2017-11-16 / Front Page

Cold snap root of tree concerns

Apple harvest late, ends in hurry
By Jay Bushen
Of The Enterprise staff

Fresh off a hefty apple harvest, Cedar fruit grower Greg Williams wasn’t sure what impact the sudden cold spell might have on his trees.

“I don’t think it’s going to hurt, but it’s hard to say,” Williams said.

Others are a bit more concerned.

The “slam down” of temperatures, as Northwest Michigan Horticultural Research Center Coordinator Nikki Rothwell put it, left little time for trees to start their cold acclimation process.

“I’m worried about the cold temperatures on some of the younger trees or trees that haven’t hardened off yet,” Rothwell said last week. “We’ve had a couple grower calls and a bunch of conversations going on about what this means — could it cause damage?”

Suttons Bay Township grower Jim Bardenhagen said it’s a concern for both apple and cherry trees.

Trees didn’t have time to “put their coats on for winter,” Bardenhagen said.

“We don’t want to see the single digits, and we got pretty darn close there,” Bardenhagen said. “That can have ramifications as far as injury to the tree. We’ve got a lot of trees that have green leaves on them yet.”

Ideally, trees have a stretch of 32-to-40-degree weather in which to gradually adjust to cold temperatures.

When temps go from the 40s to the teens like they did last week, however, it can lead to limb damage or worse.

“It can also affect the buds for next year,” Bardenhagen said, “but we didn’t get down past 15 (degrees) — 15 was the lowest I heard. That’s borderline. I don’t know if we have anything to panic about yet; it’s just a concern.”

Bardenhagen said state apple growers produced a “tighter-than-usual” crop this year due to an untimely spring frost downstate. The Leelanau County harvest, meanwhile, was a mixed bag.

The harvest started and ended in a time crunch. Warm temperatures in September forced growers to get apples off trees ASAP, and the cold snap last week had a similar effect.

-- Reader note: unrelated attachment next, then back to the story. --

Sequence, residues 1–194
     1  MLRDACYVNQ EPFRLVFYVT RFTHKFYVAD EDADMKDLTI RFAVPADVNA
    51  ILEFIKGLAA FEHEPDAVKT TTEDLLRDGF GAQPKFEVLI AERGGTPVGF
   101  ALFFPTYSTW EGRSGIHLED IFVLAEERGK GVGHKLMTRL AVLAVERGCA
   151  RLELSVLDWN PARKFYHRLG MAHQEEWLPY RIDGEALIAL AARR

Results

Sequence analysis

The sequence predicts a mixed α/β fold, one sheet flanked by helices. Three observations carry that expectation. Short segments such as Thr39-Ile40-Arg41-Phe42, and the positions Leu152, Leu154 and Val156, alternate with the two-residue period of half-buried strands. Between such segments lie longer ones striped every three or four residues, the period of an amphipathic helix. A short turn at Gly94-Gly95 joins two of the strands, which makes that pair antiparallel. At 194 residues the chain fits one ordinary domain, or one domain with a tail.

“From what I’m hearing, it’s a question of how well they’ll store this winter,” Bardenhagen said. “They may have to move them faster than they normally would. You’re seeing quite a bit of sales right now of apples in stores. Packers are pushing them out.”

Price is pretty strong in Michigan this year, he said. Wholesale bushels of Honeycrisp and Sweet Tango apples are falling in the $70 range for wholesale and about $2.49 per pound.

Rothwell said growers are pleased.

She also said growers were mostly satisfied with the amount of manpower available, although many “got creative” this year.

“A lot of people have moved to the H-2A program,” she said, referring to the federal guest worker program. “Most have been generally pleased this year, but labor is always on growers’ minds.”

The new concern this year both on the peninsula and downstate is brown marmorated stinkbug damage.

Bugs eluded traps at the research station, however, making reports of damage puzzling to some degree.

“People are finding them in the house, but we’ve never trapped them in any of our traps and growers never saw them in orchards,” Rothwell said. “Folks on the ridge (downstate) started seeing damage 30 days before they started trapping them.

“We haven’t sprayed very much for them yet because we haven’t trapped them — but if we don’t trap them, how do we know they’re there?”

More effective lures will be key moving forward, Rothwell said.

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